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Back in the day, I would listen to podcast after podcast about postpartum depression. I wanted to know the signs, yes, and also confirm that parenthood or motherhood not being easy was normal. It didn’t make me a bad person.
But, one thing that came up often (and always drove me crazy) was – You aren’t in it alone. It takes a village. Lean on your support network...
At the time, Joe was finishing up grad school, working on his dissertation, teaching at the college, working with the boy scouts… There were campouts and robotics tournaments, and he was gone much of the time. We lived several hours away from family, and we were in the process of moving, so I had to pack and clean and nurse and watch the toddler all on my own. And I worked all through my pregnancy with my son, so I didn’t have hours or days off to prepare.
To be fair, many people come to mind that I’m incredibly grateful for, and Joe would take Rosie to school sometimes, and my mom made the long drive more than a few times.
I wasn’t completely alone, but I just remember thinking – Yeah! I know it takes a village! But where is mine? How do I find a village? Where do I sign up?!
So, that’s the place where we’re coming from today.
And, actually, I’ve mentioned the Famous at Home Podcast before. I submitted this question to them once and Josh and Christi answered it with an entire episode, and some really great points!!
But, now that I’m not in the thick of it, we have a few pointers of our own, and I really think it falls under our affirmation this month, because sometimes it can be especially vulnerable and daring to make friends and find your village.
#1: Don’t expect your village to come to you.
We all have our own systems – where we take the kids to play, or where we go when we’re not with them. We might attend classes at church or school and get in and out quickly to skip the small talk. Maybe it’s breakfast, work, bed on repeat…
We each find the rhythms that work for us, but sometimes, adding variety and new situations can help us to mix things up and meet new people:
- Go for a walk in your neighborhood.
- Take a fitness class.
- Visit with the people you see at the park.
- Talk to someone new on your lunch break at work.
- Stay after the “main event” to chat when you can.
- Invite new neighbors over for a treat night.
- Visit your local library or museums.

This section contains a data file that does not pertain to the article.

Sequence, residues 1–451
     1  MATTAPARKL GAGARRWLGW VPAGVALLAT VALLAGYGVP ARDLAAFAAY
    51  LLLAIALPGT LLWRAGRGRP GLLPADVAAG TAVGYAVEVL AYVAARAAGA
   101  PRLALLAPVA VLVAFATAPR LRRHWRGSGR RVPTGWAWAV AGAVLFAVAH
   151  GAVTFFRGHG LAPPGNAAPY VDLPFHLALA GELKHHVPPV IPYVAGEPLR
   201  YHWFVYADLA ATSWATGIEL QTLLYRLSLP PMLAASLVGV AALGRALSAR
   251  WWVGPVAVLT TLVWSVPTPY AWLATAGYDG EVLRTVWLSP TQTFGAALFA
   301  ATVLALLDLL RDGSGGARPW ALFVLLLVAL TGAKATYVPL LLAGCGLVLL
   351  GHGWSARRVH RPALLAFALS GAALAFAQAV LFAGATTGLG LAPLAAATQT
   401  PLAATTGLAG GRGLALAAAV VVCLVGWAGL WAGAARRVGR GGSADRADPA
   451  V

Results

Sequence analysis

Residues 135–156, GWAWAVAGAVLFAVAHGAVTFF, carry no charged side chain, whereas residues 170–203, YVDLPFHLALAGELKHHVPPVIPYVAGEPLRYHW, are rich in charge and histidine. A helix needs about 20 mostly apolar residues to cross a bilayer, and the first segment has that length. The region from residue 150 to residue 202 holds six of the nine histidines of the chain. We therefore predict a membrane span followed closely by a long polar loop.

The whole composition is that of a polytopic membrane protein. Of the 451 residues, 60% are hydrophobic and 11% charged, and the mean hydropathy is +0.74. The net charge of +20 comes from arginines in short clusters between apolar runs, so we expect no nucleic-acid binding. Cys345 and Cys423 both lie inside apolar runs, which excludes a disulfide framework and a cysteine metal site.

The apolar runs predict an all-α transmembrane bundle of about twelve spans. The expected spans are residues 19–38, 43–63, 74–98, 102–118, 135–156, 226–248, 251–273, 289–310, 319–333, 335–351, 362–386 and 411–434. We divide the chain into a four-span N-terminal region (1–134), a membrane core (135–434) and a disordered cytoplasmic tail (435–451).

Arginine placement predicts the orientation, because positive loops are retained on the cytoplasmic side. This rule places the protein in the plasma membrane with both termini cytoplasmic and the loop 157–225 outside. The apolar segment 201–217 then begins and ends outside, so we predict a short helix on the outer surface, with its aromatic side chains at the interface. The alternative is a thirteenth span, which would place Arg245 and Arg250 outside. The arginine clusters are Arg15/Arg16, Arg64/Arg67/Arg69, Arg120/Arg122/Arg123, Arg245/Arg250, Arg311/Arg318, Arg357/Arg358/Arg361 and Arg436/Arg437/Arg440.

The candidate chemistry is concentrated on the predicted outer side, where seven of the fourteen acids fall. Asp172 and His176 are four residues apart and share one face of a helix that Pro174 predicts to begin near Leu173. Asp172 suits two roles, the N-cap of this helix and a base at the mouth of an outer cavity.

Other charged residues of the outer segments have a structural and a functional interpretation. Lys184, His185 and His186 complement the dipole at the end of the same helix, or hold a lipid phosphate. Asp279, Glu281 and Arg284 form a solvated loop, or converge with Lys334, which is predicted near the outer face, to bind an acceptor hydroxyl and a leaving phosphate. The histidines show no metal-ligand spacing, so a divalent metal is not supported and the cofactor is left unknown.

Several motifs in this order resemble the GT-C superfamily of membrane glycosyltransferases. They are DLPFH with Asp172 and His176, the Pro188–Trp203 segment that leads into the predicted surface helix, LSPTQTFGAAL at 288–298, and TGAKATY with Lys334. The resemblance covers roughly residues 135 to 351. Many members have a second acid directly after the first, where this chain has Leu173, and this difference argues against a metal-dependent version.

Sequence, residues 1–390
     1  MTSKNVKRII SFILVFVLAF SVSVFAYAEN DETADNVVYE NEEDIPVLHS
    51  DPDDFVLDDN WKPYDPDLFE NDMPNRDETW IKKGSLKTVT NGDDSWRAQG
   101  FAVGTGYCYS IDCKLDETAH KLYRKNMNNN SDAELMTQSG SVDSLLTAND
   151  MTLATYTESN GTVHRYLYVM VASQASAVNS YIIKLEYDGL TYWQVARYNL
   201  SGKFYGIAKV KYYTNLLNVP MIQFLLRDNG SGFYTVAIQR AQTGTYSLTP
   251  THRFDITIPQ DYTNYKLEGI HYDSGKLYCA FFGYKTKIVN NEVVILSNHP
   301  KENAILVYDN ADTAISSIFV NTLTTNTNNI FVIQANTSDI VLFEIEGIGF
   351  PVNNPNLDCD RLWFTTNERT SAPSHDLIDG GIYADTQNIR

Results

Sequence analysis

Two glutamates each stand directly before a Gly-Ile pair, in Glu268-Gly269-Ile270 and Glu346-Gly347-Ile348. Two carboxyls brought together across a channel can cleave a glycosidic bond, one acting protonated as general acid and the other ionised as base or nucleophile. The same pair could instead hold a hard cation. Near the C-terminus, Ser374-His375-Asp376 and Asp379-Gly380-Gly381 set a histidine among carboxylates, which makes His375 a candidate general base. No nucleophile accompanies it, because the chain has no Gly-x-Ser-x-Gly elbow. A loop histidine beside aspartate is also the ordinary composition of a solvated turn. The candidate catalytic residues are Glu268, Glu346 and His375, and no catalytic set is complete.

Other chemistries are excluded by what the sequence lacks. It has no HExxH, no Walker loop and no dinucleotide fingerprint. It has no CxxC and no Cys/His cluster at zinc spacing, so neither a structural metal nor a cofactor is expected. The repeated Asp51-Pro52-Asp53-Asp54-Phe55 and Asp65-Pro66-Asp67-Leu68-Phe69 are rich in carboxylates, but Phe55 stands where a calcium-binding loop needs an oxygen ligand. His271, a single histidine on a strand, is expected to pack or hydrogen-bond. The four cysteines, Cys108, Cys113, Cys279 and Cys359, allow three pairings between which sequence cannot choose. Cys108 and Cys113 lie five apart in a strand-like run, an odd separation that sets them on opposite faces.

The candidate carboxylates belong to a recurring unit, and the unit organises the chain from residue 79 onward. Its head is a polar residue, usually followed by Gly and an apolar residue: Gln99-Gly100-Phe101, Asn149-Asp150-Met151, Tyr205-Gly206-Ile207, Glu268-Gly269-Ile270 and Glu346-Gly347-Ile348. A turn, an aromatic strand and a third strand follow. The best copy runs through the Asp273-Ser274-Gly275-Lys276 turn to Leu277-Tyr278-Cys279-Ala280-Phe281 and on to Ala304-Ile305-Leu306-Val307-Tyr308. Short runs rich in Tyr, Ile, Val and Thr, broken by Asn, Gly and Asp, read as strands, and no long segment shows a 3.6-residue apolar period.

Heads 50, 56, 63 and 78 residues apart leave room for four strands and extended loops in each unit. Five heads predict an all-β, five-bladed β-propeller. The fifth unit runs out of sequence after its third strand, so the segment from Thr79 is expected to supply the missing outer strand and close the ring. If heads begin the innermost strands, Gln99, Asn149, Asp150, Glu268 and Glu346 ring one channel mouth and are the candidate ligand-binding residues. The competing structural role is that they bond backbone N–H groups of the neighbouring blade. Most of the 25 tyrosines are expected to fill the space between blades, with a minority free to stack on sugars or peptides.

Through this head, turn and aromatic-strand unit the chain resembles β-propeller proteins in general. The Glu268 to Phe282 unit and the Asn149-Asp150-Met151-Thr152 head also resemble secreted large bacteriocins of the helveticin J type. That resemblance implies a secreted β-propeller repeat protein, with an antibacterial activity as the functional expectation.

The more unique situations you put yourself in, the more people you meet. The more people you meet, the more opportunities you have to connect.
It also helps me to remember – you’re not the only one waiting for an invitation! (Thank you, Danielle Davis!)
If you are feeling vulnerable and lonely, there’s a good chance that someone else within your sphere of influence is, too.
#2: Start with Quantity.
So often, we want those deeper friendships and deeper connections. I’ve always been the kind of person who wants that one trusted friend that I can be myself with, versus several acquaintances, or being the social butterfly.
But, over the years, I’ve learned that quantity begets quality.
In her book, Daring Greatly (😉), Brene Brown talks about how vulnerability is not oversharing. She explains that oversharing is actually a defense mechanism we use either because we are afraid, or we haven’t put in the time to build the necessary trust.
Oversharing is my awkward life calling, you guys, haha!
I overshare when I’m nervous, but, also, when I’m impatient, and sometimes lonely. I try to hot-wire those deep connections without putting in the time to build that trust first.
In fact, I remember once when I was still coming out of postpartum depression sharing every difficult and conflicting feeling that I had about motherhood with a new acquaintance at our first park date, and afterward there was this pause, like – oh, were we on that level? Haha.
Now, some people are ready for that and reciprocate diving deep sooner than others, and relationships do recover from those awkward moments, too, but, the point is: to get to those people or those moments that light us up, we must put ourselves out there, make introductions, learn how to read people, and recognize that trust can’t be hot-wired.